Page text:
A large number of trees are believed to have been felled by strong winds during the storm, and the viewpoint and car park at the managed refuge area near Hawes have been closed to the public.
National Park Authority staff are currently at the site assessing the extent of the damage and debris removal will commence next week, meaning some diversions will have to be put in place for walkers.
The storm's impact is a blow for the 10-year red squirrel monitoring and conservation project at the reserve, only weeks after a report revealed the fragile species had maintained and possibly extended its range in the Yorkshire Dales. There are also small populations of reds on the National Park's Cumbrian borders, but Snaizeholme is their only stronghold in North Yorkshire.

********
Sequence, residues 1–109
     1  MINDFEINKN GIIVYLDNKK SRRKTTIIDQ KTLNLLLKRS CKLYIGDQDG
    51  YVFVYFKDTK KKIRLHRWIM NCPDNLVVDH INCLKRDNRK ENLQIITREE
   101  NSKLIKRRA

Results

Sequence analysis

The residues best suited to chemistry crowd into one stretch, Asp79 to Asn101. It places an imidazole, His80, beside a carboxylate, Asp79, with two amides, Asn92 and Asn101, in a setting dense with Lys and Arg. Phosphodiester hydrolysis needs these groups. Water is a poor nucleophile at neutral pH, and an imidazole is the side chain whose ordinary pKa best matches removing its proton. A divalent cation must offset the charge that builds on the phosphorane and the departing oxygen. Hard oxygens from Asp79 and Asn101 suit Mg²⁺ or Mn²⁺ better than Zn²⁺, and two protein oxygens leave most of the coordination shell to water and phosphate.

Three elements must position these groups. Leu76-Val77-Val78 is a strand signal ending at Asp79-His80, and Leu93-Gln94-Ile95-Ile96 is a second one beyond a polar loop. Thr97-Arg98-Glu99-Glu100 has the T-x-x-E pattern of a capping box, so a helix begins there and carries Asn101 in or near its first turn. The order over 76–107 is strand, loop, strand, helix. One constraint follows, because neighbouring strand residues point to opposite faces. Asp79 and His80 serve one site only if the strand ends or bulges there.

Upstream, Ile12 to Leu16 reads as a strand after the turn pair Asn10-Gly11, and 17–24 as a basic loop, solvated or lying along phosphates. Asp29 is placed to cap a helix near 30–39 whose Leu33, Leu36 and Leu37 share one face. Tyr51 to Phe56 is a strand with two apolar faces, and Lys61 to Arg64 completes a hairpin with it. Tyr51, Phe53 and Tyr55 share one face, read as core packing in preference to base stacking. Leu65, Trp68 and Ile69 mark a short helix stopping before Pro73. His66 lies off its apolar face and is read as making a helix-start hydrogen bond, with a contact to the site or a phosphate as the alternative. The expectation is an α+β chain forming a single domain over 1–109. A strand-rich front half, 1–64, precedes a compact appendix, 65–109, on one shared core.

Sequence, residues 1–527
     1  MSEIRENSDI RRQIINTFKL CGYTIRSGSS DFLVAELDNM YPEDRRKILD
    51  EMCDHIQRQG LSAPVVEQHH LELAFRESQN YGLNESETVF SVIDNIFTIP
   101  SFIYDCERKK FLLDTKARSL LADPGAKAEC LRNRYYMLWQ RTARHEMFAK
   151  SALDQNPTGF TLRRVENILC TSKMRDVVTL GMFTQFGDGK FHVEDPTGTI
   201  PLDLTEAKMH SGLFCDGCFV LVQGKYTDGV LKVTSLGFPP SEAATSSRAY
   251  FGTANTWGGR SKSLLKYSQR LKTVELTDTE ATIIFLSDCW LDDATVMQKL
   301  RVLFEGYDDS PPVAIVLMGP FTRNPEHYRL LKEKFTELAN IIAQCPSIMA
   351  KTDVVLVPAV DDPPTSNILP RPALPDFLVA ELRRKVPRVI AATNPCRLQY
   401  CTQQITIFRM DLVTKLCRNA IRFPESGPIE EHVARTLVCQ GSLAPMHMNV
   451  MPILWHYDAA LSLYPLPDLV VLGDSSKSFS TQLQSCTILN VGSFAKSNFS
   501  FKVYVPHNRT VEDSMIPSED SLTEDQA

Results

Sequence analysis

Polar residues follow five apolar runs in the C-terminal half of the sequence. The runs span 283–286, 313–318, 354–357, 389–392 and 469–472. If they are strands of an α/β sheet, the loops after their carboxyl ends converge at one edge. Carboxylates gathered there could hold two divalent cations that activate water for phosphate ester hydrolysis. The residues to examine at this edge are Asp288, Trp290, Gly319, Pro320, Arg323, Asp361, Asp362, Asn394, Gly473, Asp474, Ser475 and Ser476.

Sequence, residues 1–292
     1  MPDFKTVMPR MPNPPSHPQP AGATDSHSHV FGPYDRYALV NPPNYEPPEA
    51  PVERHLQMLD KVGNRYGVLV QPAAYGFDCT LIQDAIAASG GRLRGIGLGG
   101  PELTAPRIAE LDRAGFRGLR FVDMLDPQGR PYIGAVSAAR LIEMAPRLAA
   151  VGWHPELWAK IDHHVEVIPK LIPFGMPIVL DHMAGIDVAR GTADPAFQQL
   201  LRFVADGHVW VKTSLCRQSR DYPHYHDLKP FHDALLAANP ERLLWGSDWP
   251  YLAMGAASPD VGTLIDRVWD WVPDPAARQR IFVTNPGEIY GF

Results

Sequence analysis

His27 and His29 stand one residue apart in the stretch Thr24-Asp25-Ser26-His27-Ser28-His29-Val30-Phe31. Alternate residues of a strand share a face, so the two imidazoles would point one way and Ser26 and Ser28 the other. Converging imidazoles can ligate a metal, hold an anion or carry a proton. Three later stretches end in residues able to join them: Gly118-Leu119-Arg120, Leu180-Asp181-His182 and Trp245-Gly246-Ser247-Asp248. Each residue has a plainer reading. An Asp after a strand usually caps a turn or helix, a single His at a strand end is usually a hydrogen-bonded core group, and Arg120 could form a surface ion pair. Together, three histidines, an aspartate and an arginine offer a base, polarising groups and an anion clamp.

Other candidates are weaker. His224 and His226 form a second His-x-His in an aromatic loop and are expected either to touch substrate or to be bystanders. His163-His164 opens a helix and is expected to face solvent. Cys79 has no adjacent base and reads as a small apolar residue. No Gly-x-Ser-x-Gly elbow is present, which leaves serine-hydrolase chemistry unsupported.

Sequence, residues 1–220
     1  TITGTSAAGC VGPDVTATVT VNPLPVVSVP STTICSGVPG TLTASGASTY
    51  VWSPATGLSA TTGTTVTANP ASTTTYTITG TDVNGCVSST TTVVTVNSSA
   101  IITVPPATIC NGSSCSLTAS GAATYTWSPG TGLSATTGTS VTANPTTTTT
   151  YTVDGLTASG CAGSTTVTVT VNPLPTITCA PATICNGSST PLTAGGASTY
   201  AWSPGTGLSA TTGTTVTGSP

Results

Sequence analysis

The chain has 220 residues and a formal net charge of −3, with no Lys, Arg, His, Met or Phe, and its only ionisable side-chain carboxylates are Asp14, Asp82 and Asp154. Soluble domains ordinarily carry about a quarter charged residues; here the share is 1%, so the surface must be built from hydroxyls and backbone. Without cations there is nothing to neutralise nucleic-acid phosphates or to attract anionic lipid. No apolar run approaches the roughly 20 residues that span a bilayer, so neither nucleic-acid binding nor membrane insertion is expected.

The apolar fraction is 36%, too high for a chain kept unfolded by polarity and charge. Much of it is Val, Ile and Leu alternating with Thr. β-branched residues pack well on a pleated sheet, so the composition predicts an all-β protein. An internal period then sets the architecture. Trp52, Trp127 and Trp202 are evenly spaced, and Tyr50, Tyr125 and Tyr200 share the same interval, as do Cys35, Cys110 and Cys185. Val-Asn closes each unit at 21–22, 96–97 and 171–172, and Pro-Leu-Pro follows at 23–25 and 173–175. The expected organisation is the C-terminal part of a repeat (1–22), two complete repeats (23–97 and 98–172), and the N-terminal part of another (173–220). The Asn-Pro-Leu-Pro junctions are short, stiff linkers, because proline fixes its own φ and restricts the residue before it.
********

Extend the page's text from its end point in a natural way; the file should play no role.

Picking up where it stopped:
The reserve is a managed refuge area surrounded by a 'buffer zone' in which grey squirrel numbers are controlled. The larger non-native greys push reds out in the competition for food and territory.
In the past two years, the reds have begun to spread out from the reserve into towns and villages including Hawes, Aysgarth, Askrigg, Bainbridge and Hardraw. Many residents have begun feeding them in their gardens, though conservation officers have warned about the potential for dependency on this food source.
The red squirrels' main diet is pine cones, and they only thrive in the long term in areas with significant coniferous forest cover - meaning the destruction of a proportion of their habitat could have a serious effect on the population's continued revival.
Red squirrels became almost extinct in the Dales in the 1960s following an outbreak of squirrel pox and a severe winter, but a small colony was encouraged at the late Hugh Kemp's commercial Christmas tree plantation at Mirk Pot Farm, and later designated as a refuge zone in conjunction with local landowners.